Migration has become a highly debated and fairly misunderstood topic in contemporary politics. While taking part in the European ARISE project (Analysing Refugee Inclusion in Southern Europe) in Southern Italy, I met Hamady, a migrant from Senegal. Whilst telling me about his own perspective on migration, he explained that if you have not ‘witnessed it’ you are unable to fully comprehend it. This is why he believes in the importance of recounting his own experience to sensitise the general public on the issue. ‘It is part of the integration process’, he says.
According to the Geneva Convention, the EU is responsible for people who need international protection. The Dublin Regulation, which is part of the Common European Asylum System (CEAS), establishes that the first country a refugee enters is responsible for processing his or her asylum application. This system has proven problematic over recent years. Since the European refugee crisis reached its peak in 2015, the necessity of reforming the Dublin Regulation in the spirit of burden-sharing has become clearer than ever. Burden-sharing involves states taking on responsibility for refugees of other states. For example, countries facing less immigration pressure, such as Romania and Poland, would accept a certain quota of asylum-seekers from countries that receive the most migrants, such as Italy and Greece.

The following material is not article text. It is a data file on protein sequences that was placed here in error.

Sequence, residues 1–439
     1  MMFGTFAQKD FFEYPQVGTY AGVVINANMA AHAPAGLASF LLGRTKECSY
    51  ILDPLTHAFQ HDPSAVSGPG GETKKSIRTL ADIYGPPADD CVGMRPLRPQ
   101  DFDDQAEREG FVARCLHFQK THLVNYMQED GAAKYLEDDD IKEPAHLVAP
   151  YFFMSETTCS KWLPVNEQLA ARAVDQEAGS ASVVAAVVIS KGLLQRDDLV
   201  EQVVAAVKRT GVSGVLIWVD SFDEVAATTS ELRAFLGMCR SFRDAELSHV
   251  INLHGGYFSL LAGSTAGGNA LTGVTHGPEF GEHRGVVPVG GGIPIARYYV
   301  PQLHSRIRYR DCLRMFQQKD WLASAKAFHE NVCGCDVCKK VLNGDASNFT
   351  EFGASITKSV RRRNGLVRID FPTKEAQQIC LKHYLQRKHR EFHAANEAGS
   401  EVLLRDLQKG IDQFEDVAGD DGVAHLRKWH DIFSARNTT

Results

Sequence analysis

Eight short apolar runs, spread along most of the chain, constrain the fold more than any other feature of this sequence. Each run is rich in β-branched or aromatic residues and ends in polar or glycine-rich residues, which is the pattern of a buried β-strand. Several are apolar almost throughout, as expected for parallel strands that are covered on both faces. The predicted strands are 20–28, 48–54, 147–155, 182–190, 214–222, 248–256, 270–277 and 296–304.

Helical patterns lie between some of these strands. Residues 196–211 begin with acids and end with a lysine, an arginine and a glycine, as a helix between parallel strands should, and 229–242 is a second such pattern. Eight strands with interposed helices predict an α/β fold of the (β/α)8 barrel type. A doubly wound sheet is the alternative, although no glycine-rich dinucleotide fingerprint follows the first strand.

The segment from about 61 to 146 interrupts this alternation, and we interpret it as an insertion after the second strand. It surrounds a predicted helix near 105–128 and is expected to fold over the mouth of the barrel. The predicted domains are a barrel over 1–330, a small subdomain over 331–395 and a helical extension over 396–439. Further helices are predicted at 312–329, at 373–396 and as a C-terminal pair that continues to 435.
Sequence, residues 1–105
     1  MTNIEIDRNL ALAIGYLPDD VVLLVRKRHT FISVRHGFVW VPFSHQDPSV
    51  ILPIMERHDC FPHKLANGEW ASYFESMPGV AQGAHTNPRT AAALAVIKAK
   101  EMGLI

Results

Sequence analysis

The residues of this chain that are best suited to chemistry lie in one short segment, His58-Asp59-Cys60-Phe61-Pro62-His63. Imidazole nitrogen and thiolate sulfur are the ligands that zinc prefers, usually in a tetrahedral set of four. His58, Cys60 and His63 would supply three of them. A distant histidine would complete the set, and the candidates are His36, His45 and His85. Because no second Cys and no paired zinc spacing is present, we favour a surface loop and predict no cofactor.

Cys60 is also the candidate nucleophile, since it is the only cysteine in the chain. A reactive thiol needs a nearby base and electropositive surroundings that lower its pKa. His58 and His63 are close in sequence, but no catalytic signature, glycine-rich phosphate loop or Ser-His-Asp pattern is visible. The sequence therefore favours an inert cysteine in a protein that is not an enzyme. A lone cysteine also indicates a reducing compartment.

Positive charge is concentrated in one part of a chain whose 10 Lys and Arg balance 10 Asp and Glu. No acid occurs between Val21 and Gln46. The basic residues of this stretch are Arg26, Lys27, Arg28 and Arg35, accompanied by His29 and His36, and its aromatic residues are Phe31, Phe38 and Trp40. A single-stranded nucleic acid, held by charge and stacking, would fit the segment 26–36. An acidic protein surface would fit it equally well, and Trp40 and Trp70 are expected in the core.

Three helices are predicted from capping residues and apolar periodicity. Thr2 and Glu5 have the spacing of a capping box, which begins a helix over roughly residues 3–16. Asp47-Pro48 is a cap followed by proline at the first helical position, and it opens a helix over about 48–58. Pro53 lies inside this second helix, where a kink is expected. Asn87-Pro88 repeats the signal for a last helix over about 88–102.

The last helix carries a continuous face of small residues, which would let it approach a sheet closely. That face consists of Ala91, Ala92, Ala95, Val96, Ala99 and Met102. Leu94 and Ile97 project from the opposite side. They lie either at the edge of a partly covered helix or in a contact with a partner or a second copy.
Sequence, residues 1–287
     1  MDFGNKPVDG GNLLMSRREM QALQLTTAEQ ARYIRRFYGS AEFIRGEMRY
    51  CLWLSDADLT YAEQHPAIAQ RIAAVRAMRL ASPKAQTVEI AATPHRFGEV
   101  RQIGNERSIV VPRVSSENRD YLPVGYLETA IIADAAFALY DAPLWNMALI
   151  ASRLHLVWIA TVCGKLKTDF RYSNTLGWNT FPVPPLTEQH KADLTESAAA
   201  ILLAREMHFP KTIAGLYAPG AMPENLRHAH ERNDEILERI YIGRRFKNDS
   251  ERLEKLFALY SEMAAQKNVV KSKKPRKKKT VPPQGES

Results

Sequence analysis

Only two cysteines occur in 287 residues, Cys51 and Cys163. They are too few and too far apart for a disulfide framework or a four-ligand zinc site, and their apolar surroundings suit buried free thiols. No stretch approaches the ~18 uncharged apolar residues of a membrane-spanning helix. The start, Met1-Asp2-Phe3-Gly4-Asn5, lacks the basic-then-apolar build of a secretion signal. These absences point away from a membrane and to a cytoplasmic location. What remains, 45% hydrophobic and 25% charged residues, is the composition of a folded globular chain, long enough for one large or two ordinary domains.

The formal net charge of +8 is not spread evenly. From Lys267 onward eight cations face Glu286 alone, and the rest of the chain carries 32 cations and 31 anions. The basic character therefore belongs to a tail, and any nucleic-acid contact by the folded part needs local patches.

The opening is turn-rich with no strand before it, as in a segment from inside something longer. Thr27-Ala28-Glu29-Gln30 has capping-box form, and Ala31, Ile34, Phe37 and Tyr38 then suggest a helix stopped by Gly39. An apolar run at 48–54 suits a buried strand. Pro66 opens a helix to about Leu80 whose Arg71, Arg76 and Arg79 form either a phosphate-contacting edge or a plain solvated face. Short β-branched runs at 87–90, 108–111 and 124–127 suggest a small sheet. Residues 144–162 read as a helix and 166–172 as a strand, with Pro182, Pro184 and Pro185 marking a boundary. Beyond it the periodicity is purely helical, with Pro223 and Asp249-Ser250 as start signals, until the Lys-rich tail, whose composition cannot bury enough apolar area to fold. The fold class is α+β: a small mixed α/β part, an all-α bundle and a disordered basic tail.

On 11 November 2015, Prime Minister David Cameron delivered a speech on ‘The Future of Britain’s Relationship with the European Union’. Delivered at Chatham House, he outlined the four reforms the United Kingdom sought from the European Union: economic governance, competitiveness, sovereignty, and immigration. Continue reading “Brexit: The British Inability To Comprehend Bro-operation”
The displacement of millions mainly due to the ongoing Syrian civil war and the rise of ISIS have left Europe facing the largest refugee crisis since the Second World War. A united European response is essential if the values and, indeed, the existence of the European project are to be sustained. This author believes that the current issue of refugees should be detangled from the wider immigration debate and that a coherent response must be found to give asylum to those fleeing persecution.
On 28 November Prime Minister David Cameron made a long-awaited speech outlining his ideas and recommendations on immigration. “There are no simple solutions. Managing immigration is hard,” David Cameron said. “Not only here…look at the United States, the ultimate melting pot, where President Obama has just announced sweeping reforms.” Continue reading “Immigration Policies: The Rage in Politics Today”